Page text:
Roosh V

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Roosh V
Roosh-daryush-valizadeh.jpg
Born Daryush Valizadeh
(1979-06-14) June 14, 1979 (age 39)
Washington, D.C., U.S.
Nationality American
Occupation Writer
Known for Pickup artistry

Daryush Valizadeh[1] (born June 14, 1979),[2][3] also known as Roosh Valizadeh, Roosh V and Roosh Vorek, is an American[4] blogger, pickup artist[5][6][7] and writer known for his controversial writings and advice on the seduction community and antifeminism.[8][9]

Roosh writes on his personal blog[2] and also owns the Return of Kings website[10] where he publishes articles by himself and others on related subjects. He also owns Poznan Institute, which he founded in Poznan, Poland in March 2015.[11] Roosh has published 18 books, most of which are dating guides or memoirs.[12] In 2016, he published Free Speech Isn't Free, a first-hand account of facing establishment censorship in Canada and the United States during a 2015 speaking tour. His advice, his videos and his writings have received widespread criticism from the media and feminist organizations, who have accused him of misogyny, committing rape, organizing rape rallies[13], and promoting rape culture. Roosh has repeatedly denied the accusations. [14]

In the late 2010s, Valizadeh became a key subject of the "censorship wars" that targeted a wide variety of right-wing and far-right political figures with online deplatforming. His personal appearances were also targeted by sometimes violent Social Justice Warriors and Antifa. In September 2018, nine of his books were removed from Amazon.com by the online bookseller. Barnes & Noble and Kobo then also banned his books, in what was seen as a left-wing and feminist-inspired attack.[15]

Background

Early life

Roosh was born in the United States in 1979. He has said that "My parents are Middle Eastern immigrants so racially I'm not American but Iranian and Armenian, though I don't speak their languages."[16] Roosh graduated from the University of Maryland, College Park in 2001[17] with a degree in microbiology.[18] He initially began blogging about his sexual experiences with women anonymously,[5] but after losing his internet anonymity, he began traveling and writing full-time,[19] first with the publication of Bang: The Pickup Bible That Helps You Get More Lays (2007) and then with sex-themed travel guides on the countries he visited.[5]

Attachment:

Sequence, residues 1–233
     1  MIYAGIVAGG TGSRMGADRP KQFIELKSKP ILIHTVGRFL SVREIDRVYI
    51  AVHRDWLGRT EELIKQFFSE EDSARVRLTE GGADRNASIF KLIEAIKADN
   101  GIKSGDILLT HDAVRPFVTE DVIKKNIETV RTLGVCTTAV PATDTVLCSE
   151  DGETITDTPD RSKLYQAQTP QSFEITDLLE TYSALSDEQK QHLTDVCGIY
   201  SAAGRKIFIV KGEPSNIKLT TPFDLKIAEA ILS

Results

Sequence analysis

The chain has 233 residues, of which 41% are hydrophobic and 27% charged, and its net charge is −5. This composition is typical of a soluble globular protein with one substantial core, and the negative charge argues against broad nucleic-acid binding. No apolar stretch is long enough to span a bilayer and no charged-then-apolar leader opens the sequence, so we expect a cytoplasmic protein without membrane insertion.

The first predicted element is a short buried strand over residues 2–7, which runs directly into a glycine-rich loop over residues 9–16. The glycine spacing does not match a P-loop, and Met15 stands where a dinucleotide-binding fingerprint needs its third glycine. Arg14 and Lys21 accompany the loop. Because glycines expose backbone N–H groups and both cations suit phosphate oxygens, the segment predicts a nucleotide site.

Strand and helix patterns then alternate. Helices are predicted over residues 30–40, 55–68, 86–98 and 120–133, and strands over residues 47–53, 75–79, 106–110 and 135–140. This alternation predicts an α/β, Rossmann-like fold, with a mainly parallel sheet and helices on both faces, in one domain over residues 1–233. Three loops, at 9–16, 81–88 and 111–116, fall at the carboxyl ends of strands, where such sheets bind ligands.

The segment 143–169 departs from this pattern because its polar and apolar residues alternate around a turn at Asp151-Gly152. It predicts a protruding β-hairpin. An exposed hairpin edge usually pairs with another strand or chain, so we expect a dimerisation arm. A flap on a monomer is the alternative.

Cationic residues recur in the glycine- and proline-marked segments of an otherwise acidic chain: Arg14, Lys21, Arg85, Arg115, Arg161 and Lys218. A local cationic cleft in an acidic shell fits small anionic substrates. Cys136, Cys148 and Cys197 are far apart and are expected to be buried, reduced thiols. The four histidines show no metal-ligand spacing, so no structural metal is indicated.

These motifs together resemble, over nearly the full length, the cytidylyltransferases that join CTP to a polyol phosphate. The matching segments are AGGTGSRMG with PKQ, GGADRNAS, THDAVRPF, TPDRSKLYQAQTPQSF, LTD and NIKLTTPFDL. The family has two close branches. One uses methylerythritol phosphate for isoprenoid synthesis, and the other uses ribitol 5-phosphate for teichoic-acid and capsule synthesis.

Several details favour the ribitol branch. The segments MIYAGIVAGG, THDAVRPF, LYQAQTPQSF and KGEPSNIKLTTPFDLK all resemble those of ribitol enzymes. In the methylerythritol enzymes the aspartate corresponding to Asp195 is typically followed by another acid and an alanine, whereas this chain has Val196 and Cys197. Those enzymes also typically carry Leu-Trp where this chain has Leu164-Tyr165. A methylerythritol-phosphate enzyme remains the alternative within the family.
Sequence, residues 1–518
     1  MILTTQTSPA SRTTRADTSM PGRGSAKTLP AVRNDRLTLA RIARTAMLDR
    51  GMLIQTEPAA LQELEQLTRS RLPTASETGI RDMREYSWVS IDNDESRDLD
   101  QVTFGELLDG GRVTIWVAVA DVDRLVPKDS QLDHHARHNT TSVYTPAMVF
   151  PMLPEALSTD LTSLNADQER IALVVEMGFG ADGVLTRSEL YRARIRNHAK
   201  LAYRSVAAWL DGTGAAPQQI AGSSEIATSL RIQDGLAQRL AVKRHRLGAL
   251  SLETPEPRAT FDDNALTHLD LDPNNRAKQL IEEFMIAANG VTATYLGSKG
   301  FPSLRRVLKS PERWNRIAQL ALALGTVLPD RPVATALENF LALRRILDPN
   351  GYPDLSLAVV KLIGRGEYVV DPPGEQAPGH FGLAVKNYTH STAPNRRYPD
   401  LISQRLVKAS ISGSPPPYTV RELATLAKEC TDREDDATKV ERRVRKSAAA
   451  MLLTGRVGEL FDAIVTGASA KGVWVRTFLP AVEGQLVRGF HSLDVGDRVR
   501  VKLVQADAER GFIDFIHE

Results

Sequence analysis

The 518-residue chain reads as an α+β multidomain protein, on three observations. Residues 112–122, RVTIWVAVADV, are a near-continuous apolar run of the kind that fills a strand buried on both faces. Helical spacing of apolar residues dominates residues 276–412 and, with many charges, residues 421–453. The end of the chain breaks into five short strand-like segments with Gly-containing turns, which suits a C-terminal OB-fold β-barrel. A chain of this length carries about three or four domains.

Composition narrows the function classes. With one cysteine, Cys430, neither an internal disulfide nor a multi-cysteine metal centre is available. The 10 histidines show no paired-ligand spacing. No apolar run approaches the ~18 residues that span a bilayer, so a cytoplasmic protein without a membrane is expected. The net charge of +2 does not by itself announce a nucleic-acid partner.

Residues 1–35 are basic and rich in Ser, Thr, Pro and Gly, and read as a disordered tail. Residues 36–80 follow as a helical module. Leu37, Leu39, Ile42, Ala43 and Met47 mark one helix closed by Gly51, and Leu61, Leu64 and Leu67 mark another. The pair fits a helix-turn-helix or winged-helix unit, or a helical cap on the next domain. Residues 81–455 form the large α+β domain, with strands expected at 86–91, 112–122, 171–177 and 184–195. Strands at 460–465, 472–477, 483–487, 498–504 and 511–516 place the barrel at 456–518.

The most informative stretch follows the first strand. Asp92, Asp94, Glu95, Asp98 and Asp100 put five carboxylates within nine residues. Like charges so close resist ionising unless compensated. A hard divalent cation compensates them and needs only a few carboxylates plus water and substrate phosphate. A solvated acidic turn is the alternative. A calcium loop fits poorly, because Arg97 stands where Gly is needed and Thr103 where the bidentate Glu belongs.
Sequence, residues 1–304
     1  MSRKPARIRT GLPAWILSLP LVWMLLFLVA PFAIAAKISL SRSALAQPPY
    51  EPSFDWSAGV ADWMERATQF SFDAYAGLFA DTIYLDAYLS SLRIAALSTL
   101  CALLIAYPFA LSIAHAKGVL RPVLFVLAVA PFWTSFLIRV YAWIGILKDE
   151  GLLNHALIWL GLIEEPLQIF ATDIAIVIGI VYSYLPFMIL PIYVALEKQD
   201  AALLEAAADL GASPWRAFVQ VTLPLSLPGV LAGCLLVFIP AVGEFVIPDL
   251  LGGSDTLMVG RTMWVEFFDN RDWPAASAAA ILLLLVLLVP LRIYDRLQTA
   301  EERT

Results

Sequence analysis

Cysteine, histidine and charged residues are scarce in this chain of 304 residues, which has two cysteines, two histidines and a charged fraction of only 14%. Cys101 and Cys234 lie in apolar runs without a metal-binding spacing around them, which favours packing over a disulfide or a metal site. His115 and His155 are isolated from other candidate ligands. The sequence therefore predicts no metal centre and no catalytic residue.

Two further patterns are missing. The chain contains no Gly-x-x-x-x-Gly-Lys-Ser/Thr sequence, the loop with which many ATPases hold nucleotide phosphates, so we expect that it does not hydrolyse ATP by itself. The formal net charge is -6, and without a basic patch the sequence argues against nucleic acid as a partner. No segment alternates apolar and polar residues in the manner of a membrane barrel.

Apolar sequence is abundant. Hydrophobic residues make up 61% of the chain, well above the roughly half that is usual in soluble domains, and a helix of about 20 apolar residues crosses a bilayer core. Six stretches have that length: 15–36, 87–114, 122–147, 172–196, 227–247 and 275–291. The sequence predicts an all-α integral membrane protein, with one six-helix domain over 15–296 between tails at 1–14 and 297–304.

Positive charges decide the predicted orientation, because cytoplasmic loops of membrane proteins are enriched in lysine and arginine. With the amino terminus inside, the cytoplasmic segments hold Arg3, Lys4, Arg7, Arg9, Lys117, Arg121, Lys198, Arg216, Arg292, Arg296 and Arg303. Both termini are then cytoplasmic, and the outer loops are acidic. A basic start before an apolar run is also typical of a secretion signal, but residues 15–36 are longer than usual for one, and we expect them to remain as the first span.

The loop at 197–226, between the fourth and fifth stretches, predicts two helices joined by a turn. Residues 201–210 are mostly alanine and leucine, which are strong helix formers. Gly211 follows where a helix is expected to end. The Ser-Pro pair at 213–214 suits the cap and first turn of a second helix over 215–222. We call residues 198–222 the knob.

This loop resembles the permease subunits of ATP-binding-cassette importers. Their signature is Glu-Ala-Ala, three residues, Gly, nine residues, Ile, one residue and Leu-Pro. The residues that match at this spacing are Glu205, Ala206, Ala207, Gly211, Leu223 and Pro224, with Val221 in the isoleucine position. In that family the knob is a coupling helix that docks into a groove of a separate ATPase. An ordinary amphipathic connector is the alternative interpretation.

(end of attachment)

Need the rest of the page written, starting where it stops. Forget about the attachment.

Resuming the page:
Personal views

His ideas have been described as "red pill" (a reference to the movie The Matrix), and as based on "politically incorrect realism".[5] In a Washington Times Communities interview, he states that feminism has left a legacy of weaker men who are more androgynous. He went on to say that women abstain from having sex with them in preference for "bad boys".[20]

Roosh advocates adherence to traditional heteronormative roles for men and is against female promiscuity. He says that his rhetoric does not call for violence or hate against women, feminists, or any other group.[21] In addition, he states that men and women are very different physically and mentally, are valued differently by society, and that much of women's societal value stems from their fertility and youthful beauty.[22]

While Roosh has been erroneously labeled a "men's rights activist" by The Daily Beast,[23] Daily Mail,[24] Salon,[25] S. E. Smith,[26] and others, Roosh does not consider himself to be one. He has called men's rights activists "sexual losers" and "bitter virgins" and has written extensive articles criticizing them.[27]

He has expressed qualified support for Donald Trump,[28][29] adding that Trump's election as President of the United States would lead to the "death of political correctness". He has strongly criticized The Daily Beast as a fake news organization.[28][29] By 2016, Roosh had changed his focus from pickup advice to political commentary. His book Free Speech Isn't Free analyzes ways in which straight men are denied freedom of speech.

Controversy

United States